In a quest to try and figure out if this was indeed the case, I took her to a singing teacher a few weeks ago. The thing about Annie is that she is a bundle of manic energy. She talks fast. She moves fast. And that means she is either groping you inappropriately or knocking something over. She is like Mary Katherine Gallagher from the old Saturday Night Live skit. While she doesn’t smell her armpits, she might pick her nose. Apparently she recently even ate a booger in front of a friend’s mother last week while singing “Let It Go” in her face. But, in most scenarios, Annie—with her sheer love for living, her boundless enthusiasm for style and glamour—is able to pull it all off with her own kind of grace. Even if her butt crack is showing more times than not.

The singing teacher, however, was instantly not her biggest fan. While she tried to rein Annie in, my girl bopped along to the piano, belting out “Let It Go” as joyously as if she was in the studio when they recorded “We are the World”.  At one point she even bounded over to my perch in the corner (the teacher had wanted me to stay—I think for protection) and whisper-screamed in my ear, “This is the most fun EVER.”

The signing teacher wasn’t quite as enthusiastic and, after wrapping us up early, she suggested that maybe Annie should find a more appropriate song for her age. She said, “Just because it’s Disney doesn’t mean it’s easy.” And for good measure added, “I hate seeing young girls sing adult songs like Britney Spears.”

Now clearly our beloved Idina Menzel is no such hussy. And thankfully Annie somehow missed the content of all this and took it as a compliment. For me, the question remained: could she sing or not? The teacher had said “good” a few times. But did she say that to everyone? And, seriously, when you are as tone deaf as I am, would I even know?

School vacation came and we kind of forgot about practicing. And then a family friend told us yesterday about the huge national Frozen sing-a-long that Good Morning America was airing today. We saw the site was still taking submissions and quickly videotaped Annie in her Elsa nightgown singing her favorite segment of the song, arm thrusts and all.

So today it aired and Annie of course was not in it. She was devastated. I explained to her that even though the site was open they probably had already wrapped up the video. And then I realized not only was she shocked not to be in the video but she had thought they would have flown her out to be on stage for the live sing-along. I tried to deflect this growing outrage by turning her back to practicing for the variety show. I even intimated that maybe the variety show could end up on Good Morning America.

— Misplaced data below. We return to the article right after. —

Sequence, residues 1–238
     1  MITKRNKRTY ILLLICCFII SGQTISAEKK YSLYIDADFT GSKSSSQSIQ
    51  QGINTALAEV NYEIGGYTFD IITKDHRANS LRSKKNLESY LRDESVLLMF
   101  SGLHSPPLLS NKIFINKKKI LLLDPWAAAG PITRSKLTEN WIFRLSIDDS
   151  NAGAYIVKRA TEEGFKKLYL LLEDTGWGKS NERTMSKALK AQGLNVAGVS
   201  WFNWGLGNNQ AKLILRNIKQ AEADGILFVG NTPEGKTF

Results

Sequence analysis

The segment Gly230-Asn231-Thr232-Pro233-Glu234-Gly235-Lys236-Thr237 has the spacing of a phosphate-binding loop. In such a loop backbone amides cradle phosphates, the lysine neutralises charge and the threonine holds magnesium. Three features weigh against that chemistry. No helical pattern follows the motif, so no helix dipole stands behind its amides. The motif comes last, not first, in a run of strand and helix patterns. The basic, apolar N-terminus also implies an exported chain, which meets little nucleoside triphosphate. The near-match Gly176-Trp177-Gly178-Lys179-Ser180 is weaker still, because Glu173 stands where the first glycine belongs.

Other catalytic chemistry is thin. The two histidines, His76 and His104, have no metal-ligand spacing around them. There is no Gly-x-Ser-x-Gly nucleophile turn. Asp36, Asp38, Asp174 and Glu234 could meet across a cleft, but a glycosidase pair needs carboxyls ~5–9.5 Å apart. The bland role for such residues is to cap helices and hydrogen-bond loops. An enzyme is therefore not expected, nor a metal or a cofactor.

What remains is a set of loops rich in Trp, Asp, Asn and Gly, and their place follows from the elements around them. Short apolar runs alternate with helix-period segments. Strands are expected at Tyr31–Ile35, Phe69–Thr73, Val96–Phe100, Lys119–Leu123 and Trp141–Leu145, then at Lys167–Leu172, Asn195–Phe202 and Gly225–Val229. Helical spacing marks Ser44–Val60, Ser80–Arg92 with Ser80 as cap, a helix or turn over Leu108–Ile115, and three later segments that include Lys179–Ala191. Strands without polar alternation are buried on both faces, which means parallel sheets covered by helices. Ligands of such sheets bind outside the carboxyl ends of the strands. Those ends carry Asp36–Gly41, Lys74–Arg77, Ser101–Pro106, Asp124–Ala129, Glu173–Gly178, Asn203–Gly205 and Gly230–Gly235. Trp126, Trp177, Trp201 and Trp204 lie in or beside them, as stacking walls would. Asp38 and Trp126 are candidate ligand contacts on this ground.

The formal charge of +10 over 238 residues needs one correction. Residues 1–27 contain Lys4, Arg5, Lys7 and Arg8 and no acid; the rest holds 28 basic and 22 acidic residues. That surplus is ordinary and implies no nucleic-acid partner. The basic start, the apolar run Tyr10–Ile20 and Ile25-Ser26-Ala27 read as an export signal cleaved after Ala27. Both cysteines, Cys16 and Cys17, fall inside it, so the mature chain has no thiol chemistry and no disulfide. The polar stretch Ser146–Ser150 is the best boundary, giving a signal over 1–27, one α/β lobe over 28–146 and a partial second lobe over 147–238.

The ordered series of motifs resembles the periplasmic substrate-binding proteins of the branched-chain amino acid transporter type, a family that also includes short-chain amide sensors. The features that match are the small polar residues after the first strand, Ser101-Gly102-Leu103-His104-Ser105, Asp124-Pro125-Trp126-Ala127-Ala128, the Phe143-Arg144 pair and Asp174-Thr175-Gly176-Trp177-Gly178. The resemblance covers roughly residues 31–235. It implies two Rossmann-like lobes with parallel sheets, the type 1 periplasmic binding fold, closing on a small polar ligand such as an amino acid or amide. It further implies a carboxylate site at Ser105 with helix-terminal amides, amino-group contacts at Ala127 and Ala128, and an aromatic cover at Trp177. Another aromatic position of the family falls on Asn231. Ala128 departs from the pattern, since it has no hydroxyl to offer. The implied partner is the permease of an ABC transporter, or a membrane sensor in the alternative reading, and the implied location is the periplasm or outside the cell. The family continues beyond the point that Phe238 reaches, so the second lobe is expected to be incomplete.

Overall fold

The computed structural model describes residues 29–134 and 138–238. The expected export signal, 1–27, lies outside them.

On the way to her Daisy Scout meeting, she sang along to the karaoke track, with me hovering in and trying to get her back on track when she would get behind tempo. I’d sing over her, trying to get her on key. Frankly, I was starting to get worried. How the hell was she ever going to get up on stage and pull this off? This was going to be an off-key, off-tempo disaster. Annie got sick of me singing, shushing me and then shutting down completely. I felt like the biggest jerk ever.

As we walked out of the car, I told her I was sorry and I said, remember what you need to do to have a great performance? Yes, she said, have fun.

As I drove home alone, I excitedly cranked up that karaoke number and started doing some belting of my own. (I may be tone deaf but I am the most enthusiastic karaoker you will ever meet.) And you know what? Without Annie’s voice there to anchor me, it was really hard. I was cracking all over the place, running out of breath. Annie had been somehow guiding me all along.

And I realized, she might be totally off-key, she might be tone deaf, but that girl has spunk and spirit. Who cares if her voice is as bad as mine. I would never have the guts to get up in front of an entire school and sing, not now let alone at six. My daughter may be a spazz, but she is a confident one. And despite all my training and worries, she held on to the only good piece of advice I had given her.

She is having fun. She’s sweet, spunky and innocent. She has nothing she needs to let go.